Recommended Posts

I just had one of those aha moments or maybe a complete lack of logic. Would it be possible to some how mount a jackhammer and stabilize it and use it as a power hammer? Tell me what you think has anyone tried it?

Share this post


Link to post
Share on other sites

Yes over a decade ago there were two differing builds posted on the net.  Basic take on it was that it was a bad idea a jack hammer has very short "throw" and needs to be mounted with some give to the holder as it's not designed for a rigid mount.  Much cheaper and better to build one of the known good power hammer plans out there already.

Share this post


Link to post
Share on other sites

Ah yes the man in the iron mask!  I've seen some very nice work doing using hand held impact tools, especially with repousse ; but they do not do the job of a powerhammer---note that the short throw is compensated by the forger's hand following the work as it deforms and compare it to how a powerhammer deals with differing thickness in a single forging session.   One of the examples I recall had the jackhammer spring mounted "to mimic the 90 pounds of workman's belly hanging over the handle" was how he put it,  IIRC

Share this post


Link to post
Share on other sites

Austin I use the jack hammer that attaches to my skid steer loader as a power hammer.  I can dish a 5/16"x 2'x2' plate in less than 7 min.  I have also made some different dies for it.   

Share this post


Link to post
Share on other sites

WAY COOL!!! matto got any pics we love pics :) friend has both skid steer & hammer HMM ? lol

you doing that cold ??? i am thinking fire pit dishes ? 

Share this post


Link to post
Share on other sites

I will see what I can get off my old computer.  This sculpture is 1/4" plate.  Shaped then welded together.  I will see what ever else I can find.

 

image.jpeg.32e7fd7b9aaa05207d901c4bf5f6a

image.jpeg.e181ce8a349251aa94956971b9b88

This is 1/4" plate

image.jpeg.d7741c0f38cdbc7d82d53d25a426e

this is 3/8" plate

image.jpeg.c30d48c6d7262aa4aa87bb9559898

Share this post


Link to post
Share on other sites

Anvil's Ring maybe 22 years ago or so had three articles by "Hammer and Hand" studio where they talk about using air chippers and jack hammers and such for piercing and drifting and forging. They liked the hex tools as they did not rotate.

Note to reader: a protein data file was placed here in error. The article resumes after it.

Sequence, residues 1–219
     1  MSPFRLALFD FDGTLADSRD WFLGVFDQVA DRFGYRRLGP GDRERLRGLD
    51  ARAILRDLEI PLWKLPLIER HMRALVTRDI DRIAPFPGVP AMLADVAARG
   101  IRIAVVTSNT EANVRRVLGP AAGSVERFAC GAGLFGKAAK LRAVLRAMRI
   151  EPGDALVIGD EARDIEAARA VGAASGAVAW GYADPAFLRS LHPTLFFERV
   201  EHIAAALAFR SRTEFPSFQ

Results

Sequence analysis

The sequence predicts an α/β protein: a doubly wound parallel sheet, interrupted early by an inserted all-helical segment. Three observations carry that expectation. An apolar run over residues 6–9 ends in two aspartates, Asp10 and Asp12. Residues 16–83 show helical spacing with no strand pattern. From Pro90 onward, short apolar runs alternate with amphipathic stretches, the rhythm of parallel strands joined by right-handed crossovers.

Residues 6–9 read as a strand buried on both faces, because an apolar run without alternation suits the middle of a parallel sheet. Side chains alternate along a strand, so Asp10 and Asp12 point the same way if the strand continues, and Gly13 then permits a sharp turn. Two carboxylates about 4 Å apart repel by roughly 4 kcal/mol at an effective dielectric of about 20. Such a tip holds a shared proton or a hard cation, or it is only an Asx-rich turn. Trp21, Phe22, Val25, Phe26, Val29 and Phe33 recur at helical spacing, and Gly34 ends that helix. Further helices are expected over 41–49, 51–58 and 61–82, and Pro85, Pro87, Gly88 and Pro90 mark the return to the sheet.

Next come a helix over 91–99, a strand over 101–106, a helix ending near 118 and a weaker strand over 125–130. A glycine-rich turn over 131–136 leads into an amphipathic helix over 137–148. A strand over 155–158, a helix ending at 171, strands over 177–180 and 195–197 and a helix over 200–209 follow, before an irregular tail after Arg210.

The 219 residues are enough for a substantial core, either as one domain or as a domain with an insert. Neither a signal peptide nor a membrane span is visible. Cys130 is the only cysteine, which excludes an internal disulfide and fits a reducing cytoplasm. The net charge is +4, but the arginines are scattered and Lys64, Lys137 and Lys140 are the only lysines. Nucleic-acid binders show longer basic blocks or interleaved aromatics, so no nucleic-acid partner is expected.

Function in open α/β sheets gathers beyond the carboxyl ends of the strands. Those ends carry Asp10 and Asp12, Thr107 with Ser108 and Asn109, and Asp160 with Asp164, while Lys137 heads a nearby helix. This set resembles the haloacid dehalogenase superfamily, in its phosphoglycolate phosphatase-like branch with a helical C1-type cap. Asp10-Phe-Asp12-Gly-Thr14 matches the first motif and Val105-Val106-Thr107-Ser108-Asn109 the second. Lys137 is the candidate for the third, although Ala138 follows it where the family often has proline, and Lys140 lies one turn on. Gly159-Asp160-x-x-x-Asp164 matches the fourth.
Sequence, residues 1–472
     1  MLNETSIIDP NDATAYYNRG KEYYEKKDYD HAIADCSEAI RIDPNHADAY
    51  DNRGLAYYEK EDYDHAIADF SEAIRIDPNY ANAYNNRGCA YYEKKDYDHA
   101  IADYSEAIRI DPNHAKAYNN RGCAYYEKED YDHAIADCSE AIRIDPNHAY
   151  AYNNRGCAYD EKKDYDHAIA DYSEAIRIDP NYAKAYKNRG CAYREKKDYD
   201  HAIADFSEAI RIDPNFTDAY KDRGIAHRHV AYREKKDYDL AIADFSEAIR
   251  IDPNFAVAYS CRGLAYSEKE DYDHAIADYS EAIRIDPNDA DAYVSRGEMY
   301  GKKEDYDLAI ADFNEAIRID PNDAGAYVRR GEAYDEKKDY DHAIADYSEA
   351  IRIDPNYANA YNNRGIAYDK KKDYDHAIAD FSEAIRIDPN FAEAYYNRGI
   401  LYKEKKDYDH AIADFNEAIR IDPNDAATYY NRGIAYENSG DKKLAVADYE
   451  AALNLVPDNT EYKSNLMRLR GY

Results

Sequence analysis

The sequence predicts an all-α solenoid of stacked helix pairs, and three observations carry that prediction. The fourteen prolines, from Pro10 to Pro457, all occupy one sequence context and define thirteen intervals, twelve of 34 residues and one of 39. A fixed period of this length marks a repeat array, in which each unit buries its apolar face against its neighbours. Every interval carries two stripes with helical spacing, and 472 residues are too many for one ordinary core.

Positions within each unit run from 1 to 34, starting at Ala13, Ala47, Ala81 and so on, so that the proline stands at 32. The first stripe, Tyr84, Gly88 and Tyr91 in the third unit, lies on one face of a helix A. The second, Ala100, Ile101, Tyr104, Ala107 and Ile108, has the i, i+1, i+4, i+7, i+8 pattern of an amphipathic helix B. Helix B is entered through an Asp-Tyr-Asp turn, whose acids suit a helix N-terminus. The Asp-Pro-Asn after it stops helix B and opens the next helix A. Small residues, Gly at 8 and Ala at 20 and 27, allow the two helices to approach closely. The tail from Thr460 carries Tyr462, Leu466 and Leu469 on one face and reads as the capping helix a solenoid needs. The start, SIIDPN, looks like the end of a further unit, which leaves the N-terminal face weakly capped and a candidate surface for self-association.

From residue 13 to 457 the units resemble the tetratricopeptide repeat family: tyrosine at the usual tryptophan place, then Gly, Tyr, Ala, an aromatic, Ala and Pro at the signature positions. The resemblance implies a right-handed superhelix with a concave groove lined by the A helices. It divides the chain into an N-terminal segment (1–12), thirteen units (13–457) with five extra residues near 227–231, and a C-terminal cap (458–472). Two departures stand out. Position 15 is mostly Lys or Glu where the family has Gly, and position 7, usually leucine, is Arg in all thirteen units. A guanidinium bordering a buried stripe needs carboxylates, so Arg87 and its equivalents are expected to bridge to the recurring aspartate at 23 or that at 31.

You should be ablate locate the back issue with a search over at ABANA.org...........if you find them let me know.

 

Ric

Share this post


Link to post
Share on other sites

Sure just don't expect them to do the work of a Nazel, Little Giant, etc. but as the videos show they certainly can be used on hot steel. I have a few bits for an air chisel that work nicely for heading rivets, punching, cutting, etc. I picked up a pneumatic needle scaler at . . . a . . . Yard sale! a couple summers ago and it textures hot steel with a vengence. You just have to like a bunch of sharp little crater shapes. However by applying the scaler to a HOT block then breaking the sharper features with a hammer and sander it makes a nice texturing die for a pebbly finish.

Frosty The Lucky.

Share this post


Link to post
Share on other sites

Frosty, the scalers also work great for peening welds during cast iron repairs. Once the needles get used they tend to get more rounded, you could also take them out and round them up on a grinder/sander some.

Share this post


Link to post
Share on other sites

Yes, needlers/scalers work good for peening. Also used one for work hardening a brass base.

Share this post


Link to post
Share on other sites

Super cool what that guy is doing with that air hammer, I was wondering I'm not a blacksmith by any means but in the giant steel mills they have huge roller presses they roll it back an forth on then roll it back into the forge, repeat, etc.. Would  it be possible to scale that process down and incorporate the air hammer function into the rollers so it would a hammer as it was roll formed down? Stupid or is there a functional reason why you shouldn't perform it in that way?

Share this post


Link to post
Share on other sites

Inefficient and difficult to apply pressure for rolling and then syncopate it.  What is it that you want to accomplish that is not being done in the rolling?

Share this post


Link to post
Share on other sites

Jack hammers don't make the right kind of impact though there are a couple guys who do hollow forming in steel plate with jackhammers.

It'd be more practical Incorporating a roll forge and impact forge processes laying down a thick steel plate on a really solid floor and running over it with a vibratory roller. The kind used to compact road grades, yes?

It'd be a neat video but . . . :wacko:

Frosty The Lucky.

Share this post


Link to post
Share on other sites
On 4/23/2019 at 7:50 PM, brokendash said:

Super cool what that guy is doing with that air hammer

Here's another video of him, where he actually uses a jack hammer!

 

Share this post


Link to post
Share on other sites

I thought I'd seen this before, turns out to be the same general sculpture with a different air hammer. 

Does he do other things besides faces?

Frosty The Lucky.

Share this post


Link to post
Share on other sites

Join the conversation

You can post now and register later. If you have an account, sign in now to post with your account.

Guest
Reply to this topic...

×   Pasted as rich text.   Paste as plain text instead

  Only 75 emoji are allowed.

×   Your link has been automatically embedded.   Display as a link instead

×   Your previous content has been restored.   Clear editor

×   You cannot paste images directly. Upload or insert images from URL.